Dean Ornish explains it this way:
Researchers continue to find reasons to recommend a high-fiber diet.
Even small increases in daily fiber intake can reduce cholesterol
levels (most of it the harmful LDL cholesterol) and thereby reduce the
risk of coronary heart disease.
Fiber is the nondigestible part of plants. Fruits, vegetables, beans,
and grains all contain fiber in varying amounts. Fiber can be soluble
in water or insoluble, and most plant foods have some of both types.
Wheat bran is a good source of insoluble fiber, which passes quickly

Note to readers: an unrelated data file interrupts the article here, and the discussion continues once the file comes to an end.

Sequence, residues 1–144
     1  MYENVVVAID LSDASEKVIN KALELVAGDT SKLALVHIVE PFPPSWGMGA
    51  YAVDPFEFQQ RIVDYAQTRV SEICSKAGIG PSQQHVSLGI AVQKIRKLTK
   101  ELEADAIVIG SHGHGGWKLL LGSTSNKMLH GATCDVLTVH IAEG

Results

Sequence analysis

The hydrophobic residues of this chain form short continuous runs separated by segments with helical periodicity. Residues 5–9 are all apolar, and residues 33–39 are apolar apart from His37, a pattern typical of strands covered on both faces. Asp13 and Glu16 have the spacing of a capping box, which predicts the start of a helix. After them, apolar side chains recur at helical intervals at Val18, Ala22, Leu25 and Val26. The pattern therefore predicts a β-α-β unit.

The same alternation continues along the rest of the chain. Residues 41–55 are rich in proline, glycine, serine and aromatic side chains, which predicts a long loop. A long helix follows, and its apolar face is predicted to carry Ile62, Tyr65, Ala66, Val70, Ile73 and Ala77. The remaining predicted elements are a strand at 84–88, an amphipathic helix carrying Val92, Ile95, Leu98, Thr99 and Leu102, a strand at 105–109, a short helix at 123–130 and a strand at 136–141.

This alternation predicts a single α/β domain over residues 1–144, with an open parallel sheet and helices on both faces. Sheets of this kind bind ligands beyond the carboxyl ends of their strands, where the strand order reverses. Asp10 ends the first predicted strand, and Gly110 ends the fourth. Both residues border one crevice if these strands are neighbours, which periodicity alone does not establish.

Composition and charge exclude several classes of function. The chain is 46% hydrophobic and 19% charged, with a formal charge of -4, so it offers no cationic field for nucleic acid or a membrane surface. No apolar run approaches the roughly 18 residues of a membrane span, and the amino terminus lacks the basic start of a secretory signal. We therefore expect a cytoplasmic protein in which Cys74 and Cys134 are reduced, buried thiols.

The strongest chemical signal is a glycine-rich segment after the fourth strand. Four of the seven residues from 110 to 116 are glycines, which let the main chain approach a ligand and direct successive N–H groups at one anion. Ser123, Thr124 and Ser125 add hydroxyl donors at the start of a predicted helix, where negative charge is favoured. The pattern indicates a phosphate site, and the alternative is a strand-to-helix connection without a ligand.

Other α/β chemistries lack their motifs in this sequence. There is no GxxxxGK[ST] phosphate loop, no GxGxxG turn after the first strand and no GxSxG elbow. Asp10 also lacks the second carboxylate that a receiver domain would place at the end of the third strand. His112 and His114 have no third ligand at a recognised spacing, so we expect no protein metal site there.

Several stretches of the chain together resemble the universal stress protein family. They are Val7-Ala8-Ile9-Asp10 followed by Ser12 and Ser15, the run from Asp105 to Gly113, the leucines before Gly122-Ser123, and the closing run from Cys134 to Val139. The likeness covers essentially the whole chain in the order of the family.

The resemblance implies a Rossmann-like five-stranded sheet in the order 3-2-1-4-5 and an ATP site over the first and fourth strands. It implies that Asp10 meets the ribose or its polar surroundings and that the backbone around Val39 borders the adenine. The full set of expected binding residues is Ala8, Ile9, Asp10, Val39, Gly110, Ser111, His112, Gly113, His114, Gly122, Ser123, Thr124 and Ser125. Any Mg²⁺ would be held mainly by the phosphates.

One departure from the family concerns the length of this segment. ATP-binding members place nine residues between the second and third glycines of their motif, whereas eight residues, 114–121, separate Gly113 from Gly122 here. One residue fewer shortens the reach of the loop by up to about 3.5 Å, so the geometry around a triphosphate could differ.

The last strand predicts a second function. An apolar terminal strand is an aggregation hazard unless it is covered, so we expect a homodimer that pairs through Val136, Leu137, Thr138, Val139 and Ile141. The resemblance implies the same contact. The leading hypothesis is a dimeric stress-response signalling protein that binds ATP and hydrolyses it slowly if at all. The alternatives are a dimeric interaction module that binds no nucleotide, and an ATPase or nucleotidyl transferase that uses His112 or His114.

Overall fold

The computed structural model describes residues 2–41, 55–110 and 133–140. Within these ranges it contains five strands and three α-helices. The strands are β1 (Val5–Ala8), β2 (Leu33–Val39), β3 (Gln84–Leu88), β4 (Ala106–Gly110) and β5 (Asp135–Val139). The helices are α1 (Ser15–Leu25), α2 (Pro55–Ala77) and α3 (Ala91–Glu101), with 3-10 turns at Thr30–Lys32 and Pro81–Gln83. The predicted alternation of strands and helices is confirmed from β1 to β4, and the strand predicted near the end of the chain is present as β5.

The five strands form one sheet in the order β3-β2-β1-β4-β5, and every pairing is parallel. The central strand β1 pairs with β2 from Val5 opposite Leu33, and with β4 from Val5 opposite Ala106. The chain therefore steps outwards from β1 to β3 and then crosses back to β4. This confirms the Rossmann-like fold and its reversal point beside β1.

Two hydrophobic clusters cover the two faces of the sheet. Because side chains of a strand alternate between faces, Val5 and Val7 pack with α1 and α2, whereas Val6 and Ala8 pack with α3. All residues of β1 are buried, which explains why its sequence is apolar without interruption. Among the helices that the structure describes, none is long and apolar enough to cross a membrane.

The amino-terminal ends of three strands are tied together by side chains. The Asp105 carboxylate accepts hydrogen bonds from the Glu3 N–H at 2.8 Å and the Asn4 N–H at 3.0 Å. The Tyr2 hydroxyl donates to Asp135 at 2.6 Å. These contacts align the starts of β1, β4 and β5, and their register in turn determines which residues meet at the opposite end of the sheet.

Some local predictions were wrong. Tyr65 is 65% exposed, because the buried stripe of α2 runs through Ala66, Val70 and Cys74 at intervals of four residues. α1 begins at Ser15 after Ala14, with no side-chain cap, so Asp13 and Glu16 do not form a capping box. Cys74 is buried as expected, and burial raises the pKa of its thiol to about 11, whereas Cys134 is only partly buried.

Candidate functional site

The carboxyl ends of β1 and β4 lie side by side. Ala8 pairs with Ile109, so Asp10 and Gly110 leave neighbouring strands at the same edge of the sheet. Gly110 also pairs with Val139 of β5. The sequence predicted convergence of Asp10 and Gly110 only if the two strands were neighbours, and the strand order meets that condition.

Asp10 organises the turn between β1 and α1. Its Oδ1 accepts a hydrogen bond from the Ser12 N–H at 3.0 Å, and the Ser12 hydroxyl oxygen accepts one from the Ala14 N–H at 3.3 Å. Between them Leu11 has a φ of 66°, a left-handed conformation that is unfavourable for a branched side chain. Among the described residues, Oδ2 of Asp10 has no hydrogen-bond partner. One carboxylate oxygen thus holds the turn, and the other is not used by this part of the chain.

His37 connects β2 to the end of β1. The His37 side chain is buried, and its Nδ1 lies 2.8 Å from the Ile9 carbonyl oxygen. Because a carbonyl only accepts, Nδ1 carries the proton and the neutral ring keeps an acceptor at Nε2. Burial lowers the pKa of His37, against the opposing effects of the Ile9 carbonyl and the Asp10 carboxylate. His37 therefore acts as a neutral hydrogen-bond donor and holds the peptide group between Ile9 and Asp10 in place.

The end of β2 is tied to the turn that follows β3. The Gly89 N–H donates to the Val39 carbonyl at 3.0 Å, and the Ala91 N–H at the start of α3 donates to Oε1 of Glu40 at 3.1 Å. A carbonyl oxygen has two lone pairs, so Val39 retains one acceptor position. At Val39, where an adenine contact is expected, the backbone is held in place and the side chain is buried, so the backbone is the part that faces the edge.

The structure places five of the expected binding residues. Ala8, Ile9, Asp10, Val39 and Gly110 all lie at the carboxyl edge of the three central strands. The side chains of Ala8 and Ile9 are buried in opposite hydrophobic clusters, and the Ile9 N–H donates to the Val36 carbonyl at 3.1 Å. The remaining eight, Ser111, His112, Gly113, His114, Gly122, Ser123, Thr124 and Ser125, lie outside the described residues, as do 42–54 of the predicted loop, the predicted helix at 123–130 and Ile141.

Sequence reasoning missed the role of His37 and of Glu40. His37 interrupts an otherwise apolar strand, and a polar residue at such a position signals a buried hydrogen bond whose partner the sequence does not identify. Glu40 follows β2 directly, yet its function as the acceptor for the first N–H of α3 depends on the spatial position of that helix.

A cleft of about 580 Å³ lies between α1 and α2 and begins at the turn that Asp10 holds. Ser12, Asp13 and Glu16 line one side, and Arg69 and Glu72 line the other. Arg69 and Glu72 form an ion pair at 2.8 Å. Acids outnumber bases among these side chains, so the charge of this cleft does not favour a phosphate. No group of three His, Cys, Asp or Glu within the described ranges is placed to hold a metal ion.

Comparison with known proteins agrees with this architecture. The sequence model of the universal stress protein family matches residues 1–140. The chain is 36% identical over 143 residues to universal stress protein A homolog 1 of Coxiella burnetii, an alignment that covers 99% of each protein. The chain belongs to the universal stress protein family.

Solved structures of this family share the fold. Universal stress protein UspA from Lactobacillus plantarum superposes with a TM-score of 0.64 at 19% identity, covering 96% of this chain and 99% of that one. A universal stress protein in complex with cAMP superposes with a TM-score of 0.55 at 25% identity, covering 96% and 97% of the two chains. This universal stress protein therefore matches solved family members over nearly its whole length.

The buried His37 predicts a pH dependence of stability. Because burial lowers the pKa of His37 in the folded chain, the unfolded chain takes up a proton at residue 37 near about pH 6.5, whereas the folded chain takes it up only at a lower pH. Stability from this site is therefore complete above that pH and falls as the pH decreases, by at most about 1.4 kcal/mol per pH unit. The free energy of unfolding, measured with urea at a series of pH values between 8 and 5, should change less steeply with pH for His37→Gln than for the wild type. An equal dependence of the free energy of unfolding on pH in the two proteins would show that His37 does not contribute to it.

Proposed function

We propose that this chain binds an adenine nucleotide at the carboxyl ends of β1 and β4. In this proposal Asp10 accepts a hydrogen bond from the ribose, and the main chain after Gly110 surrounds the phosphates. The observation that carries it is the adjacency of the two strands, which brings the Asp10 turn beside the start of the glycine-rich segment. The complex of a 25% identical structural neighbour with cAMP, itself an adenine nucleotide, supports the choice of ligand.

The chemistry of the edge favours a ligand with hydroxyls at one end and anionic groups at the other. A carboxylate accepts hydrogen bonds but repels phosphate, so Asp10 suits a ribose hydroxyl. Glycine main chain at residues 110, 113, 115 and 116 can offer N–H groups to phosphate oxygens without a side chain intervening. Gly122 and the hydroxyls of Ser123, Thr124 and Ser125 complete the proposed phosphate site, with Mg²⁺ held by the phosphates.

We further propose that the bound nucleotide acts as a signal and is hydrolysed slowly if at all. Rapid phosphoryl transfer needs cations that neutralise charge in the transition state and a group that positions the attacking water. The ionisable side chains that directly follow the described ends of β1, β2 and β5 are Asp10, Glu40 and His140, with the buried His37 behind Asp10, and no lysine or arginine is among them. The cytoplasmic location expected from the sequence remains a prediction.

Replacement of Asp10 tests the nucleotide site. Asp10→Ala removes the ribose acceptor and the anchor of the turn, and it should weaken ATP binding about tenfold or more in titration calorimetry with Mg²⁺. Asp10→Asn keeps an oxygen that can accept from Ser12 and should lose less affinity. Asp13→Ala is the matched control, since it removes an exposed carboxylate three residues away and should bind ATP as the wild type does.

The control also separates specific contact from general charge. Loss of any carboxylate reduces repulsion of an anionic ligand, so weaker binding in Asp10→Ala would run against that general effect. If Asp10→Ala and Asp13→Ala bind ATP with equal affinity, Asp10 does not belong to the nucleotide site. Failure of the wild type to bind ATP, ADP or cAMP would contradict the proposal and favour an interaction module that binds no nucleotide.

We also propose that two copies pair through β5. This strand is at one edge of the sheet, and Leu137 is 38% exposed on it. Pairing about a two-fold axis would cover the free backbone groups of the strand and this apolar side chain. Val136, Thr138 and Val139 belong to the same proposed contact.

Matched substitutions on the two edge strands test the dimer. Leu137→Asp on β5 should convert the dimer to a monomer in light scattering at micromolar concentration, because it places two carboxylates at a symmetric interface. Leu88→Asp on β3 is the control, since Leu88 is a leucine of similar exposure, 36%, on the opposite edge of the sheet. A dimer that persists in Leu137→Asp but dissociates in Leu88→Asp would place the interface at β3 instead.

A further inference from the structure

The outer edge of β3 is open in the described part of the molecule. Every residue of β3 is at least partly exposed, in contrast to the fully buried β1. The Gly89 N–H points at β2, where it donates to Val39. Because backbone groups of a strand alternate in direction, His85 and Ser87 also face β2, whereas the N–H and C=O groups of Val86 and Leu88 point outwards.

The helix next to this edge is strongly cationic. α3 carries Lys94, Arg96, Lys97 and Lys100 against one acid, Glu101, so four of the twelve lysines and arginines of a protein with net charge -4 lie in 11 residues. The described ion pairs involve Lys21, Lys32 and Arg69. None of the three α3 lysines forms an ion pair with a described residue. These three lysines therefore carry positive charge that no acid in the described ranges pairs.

through the body, adding bulk tothe stool and preventing constipation.
By helping waste pass through the digestive tract quickly, a diet high
in insoluble fiber may also help prevent colon cancer, but it has no
effect on cholesterol.
Soluble fiber does, however. Oat bran, pinto beans, kidney beans, and
carrots are all high in soluble fiber, which appears to sweep
cholesterol from the blood. But beyond its cholesterol-lowering
abilities, a diet high in soluble fiber can help control diabetes and
battle obesity, both rist factors for heart disease.
You can get 5 grams of soluble fiber in just 3/4 cup of pinto beans, 1
1/2 cups of brussels sprouts, or a cup of Quaker Oat Bran cereal.
Whole grains, dried beans, peas, sweet potatoes, apples, oranges, and
dried prunes are all good low-fat soluble fiber sources.
Hope this helps.
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